Joan Baxter here again, filling in for Tim who is in Toronto for Wrongful Conviction Day, and being recognized by Innocence Canada, a non-profit organization dedicated to identifying, advocating for, and exonerating individuals convicted of a crime that they did not commit. He is being awarded the the Tracey Tyler Award for his reporting on the Glen Assoun case. Congratulations, Tim!
“’During a gold rush, there’s a lot of money to be made supplying the picks and shovels,’ said Paul Pedersen,” reports Jennifer Henderson who goes on to discuss how Pedersen and his partner Tiffany Walsh plan to profit of the Cannabis gold rush.
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2. Uber inevitable for Halifax?
Writing in The Coast, Jacob Boon says it’s inevitable that the ride-sharing company, Uber, will come to Halifax, but that Halifax shouldn’t be so excited about it. As Tim was when he wrote about Uber in Morning File earlier this week, Boon is critical of Uber’s business model:
Uber is not outlawed in Halifax. There is nothing stopping the gigantic Silicon Valley company from setting up shop here and operating under the same rules as every other cab company; employing drivers with taxi licenses and acting as dispatcher.
But obeying the rules is not Uber’s business model. Our laws will need to change instead, it seems.
There is a palpable lust in Halifax to amend our taxi regulations to favour a massive foreign corporation that will abuse labour practices, shift money out of our economy and maybe, if we’re lucky, make us look cool.
The fight is packaged as a backwards government holding down innovation through red tape, to the benefit of greedy taxi cab cartels.
Boon lists some of the standard arguments for embracing Uber:
Nobody doubts that Halifax’s taxi industry needs improvement. The waits are too long. The cars are too few. But why do we think Uber is the answer? Well, because anyone can drive an Uber car. Because Uber is convenient. It’s cheap. It’s inevitable.
But all of that, according to Hubert Horan, an aviation specialist with four decades of experience in the deregulation of transportation companies whom Boon consulted by phone from Arizona, is “100 per cent bullshit.”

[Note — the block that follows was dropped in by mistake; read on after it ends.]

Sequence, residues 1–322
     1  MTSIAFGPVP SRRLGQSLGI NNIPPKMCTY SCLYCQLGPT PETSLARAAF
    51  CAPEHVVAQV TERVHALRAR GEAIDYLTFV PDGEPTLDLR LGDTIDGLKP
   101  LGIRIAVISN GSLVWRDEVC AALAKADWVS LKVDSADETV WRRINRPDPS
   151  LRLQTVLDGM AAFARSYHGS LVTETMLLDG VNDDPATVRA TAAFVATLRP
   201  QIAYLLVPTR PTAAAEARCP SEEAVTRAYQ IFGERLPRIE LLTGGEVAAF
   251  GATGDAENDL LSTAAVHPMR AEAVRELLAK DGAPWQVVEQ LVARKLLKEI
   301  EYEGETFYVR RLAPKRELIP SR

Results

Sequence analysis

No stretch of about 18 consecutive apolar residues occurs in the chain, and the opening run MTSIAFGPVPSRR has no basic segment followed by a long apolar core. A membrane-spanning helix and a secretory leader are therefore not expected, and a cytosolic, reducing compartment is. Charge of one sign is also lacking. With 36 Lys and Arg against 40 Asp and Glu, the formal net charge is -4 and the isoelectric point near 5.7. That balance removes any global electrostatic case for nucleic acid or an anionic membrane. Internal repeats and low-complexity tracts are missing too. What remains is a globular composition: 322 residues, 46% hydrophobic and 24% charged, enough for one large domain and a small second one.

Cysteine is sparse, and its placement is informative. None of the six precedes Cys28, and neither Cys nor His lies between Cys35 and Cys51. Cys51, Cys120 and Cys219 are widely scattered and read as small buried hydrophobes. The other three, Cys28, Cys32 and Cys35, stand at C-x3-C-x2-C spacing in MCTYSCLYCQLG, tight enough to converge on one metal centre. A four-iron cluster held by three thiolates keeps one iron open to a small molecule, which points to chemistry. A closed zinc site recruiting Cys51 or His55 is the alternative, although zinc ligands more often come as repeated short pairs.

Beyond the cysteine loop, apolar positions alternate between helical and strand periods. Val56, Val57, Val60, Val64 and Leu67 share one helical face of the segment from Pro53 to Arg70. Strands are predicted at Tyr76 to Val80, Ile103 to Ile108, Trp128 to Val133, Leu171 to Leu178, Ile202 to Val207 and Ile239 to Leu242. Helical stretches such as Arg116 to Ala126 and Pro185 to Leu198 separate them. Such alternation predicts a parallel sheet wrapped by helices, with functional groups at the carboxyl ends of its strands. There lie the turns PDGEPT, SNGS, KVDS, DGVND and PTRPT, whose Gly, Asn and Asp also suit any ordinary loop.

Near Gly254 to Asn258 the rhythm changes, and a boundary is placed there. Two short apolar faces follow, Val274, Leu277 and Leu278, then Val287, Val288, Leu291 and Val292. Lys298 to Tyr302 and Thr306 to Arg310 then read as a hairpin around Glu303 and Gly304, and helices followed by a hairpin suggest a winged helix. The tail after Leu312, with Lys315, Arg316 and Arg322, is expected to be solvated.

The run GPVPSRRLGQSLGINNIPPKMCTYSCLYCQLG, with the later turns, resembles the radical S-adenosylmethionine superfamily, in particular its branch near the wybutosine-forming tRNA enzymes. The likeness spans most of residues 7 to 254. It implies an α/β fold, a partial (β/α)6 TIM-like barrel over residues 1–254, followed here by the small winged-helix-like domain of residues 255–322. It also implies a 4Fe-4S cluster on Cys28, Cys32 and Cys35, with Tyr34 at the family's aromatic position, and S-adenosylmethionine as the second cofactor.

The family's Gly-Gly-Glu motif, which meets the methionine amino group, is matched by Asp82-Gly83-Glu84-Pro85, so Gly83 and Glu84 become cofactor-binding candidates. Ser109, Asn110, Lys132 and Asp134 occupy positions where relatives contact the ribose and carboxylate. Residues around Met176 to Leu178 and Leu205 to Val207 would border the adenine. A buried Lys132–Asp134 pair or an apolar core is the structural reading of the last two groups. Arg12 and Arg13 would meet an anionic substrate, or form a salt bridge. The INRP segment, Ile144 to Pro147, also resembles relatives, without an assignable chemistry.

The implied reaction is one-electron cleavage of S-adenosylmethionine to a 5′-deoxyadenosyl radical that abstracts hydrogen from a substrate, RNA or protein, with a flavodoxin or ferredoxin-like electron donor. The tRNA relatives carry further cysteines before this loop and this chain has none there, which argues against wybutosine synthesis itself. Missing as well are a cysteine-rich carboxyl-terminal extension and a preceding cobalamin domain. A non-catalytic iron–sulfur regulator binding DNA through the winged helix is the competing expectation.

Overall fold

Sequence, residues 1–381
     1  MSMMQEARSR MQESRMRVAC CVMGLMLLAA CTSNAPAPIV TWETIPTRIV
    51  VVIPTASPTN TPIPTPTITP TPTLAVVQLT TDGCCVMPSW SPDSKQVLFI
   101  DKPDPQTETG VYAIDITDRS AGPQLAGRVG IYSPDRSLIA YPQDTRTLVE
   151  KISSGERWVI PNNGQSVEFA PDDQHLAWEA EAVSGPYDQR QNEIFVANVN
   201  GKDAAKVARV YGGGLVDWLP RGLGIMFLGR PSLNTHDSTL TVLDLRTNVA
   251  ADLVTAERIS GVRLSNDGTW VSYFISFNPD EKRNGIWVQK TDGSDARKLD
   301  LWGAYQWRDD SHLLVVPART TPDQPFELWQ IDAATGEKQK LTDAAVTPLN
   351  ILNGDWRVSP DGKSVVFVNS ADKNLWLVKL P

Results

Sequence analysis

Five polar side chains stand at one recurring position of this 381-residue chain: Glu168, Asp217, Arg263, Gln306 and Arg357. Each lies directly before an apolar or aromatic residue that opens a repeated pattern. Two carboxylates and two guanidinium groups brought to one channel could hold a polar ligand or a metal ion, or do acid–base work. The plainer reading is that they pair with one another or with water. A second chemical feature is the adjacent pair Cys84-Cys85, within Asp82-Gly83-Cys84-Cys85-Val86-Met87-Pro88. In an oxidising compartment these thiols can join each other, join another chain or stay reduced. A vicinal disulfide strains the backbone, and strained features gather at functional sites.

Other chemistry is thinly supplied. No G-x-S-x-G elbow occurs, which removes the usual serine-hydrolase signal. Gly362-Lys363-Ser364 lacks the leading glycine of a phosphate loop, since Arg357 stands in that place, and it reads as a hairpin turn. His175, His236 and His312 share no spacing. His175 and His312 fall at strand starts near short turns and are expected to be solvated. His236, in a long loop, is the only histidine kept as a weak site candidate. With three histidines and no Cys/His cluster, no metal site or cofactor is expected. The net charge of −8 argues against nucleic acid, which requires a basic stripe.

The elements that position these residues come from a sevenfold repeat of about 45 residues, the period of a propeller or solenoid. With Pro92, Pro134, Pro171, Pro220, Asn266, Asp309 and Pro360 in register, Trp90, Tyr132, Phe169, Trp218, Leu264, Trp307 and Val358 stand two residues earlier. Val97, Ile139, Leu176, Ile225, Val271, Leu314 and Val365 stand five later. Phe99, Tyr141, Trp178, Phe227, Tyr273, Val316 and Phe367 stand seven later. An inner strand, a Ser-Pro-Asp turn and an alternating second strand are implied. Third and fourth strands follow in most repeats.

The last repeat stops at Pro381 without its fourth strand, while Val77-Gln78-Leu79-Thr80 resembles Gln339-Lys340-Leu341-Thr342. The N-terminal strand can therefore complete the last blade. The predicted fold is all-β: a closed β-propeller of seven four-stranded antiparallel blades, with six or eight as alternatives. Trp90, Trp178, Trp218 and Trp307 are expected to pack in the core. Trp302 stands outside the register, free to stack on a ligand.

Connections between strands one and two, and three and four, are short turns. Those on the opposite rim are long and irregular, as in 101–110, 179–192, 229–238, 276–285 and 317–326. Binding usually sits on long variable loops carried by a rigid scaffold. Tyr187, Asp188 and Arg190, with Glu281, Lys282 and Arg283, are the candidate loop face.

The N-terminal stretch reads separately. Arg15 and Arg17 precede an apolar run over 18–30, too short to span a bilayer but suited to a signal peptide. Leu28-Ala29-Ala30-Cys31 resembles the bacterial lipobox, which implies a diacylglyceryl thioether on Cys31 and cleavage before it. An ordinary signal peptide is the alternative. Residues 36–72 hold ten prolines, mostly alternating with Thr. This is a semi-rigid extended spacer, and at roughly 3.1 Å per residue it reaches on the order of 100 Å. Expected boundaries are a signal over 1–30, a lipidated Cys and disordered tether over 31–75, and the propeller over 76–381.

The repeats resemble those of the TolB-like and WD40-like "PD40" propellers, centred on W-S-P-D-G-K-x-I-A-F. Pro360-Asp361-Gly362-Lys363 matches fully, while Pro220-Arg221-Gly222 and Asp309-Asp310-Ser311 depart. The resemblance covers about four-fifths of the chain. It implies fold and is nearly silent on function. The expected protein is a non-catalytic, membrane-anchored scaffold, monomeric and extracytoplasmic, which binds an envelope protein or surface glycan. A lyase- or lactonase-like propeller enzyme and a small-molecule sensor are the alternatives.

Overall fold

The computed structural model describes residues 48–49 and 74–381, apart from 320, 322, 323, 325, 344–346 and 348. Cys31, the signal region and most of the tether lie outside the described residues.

Horan goes on to explain his problems with Uber, and Boon follows that up with the views of Uber Canada’s policy manager, Chris Schafer, who (no surprise) “focuses on deregulating bylaws across Canada to benefit ride-sharing.”
It’s an interesting and well-researched article that looks at the much-touted pros of Uber, and at a litany of cons, some very big and lesser-known ones, which should make any city think long and hard before it starts rewriting its bylaws to accommodate the Silicon Valley behemoth.
3. A new Traffic Safety Act for Nova Scotia
CBC’s Jean Laroche reports on yesterday’s announcement that Nova Scotia is getting a brand new set of rules of the road, the first since 1932:
The Traffic Safety Act will replace the Motor Vehicle Act which recognizes highways, roads and sidewalks as shared spaces and that pedestrians, cyclists and those who respond to roadside emergencies deserve extra protection from motor vehicles.
The proposed law introduces the concept of “vulnerable road users” which includes people who walk, cycle or emergency crews who work alongside roads and highways.
Motorists who injure or kill a vulnerable road user will see their fines double and their licences automatically suspended for up to six months after a conviction.
The new Act comes down hard on distracted drivers, and bans the use of handheld devices in any “manner, shape or form.” It has struck a welcome chord with Insurance Bureau of Canada, as well as with the Ecology Action Centre:
Kelsey Lane of the Ecology Action Centre said changing the name of the act sends the right signal.
“This is a public space,” said Lane. “Everybody, whether you’re driving a car, whether you’re walking, whether you’re riding a bike, you have the right to use the public right of way.”
Lane is also supportive of doubling the fines for drivers who hit a vulnerable road user.
The new Act, with its focus on traffic safety seems timely given that, as Ian Fairclough reports in the Chronicle Herald, traffic deaths in the province seem to be on the rise again:
More than a dozen fatal crashes on Nova Scotia highways in the past month and a half have pushed highway death statistics toward levels not seen in the past five years.
Crashes since mid-August have killed 17 people on the province’s highways, bringing the total so far this year to 57 deaths in 52 collisions. That’s the most in a year since 80 people died in 2013.
There were 48 deaths in both 2016 and 2017.
To put things in perspective, there haven’t been more than 100 traffic deaths in a year since 1997, and even then the numbers were still better than they were in the 1970s. In 1973, Fairclough reports, there were 277 fatalities on Nova Scotia’s roads.
I remember those days … no seatbelts or breathalyzers, two-lane highways, and joy-riding on summer nights with friends behind the wheels of their parents’ cars, skidding around sharp corners on winding roads on our way to the beach. Those really weren’t the good old days at all, they were darn dangerous, and I count myself as very lucky to still be alive.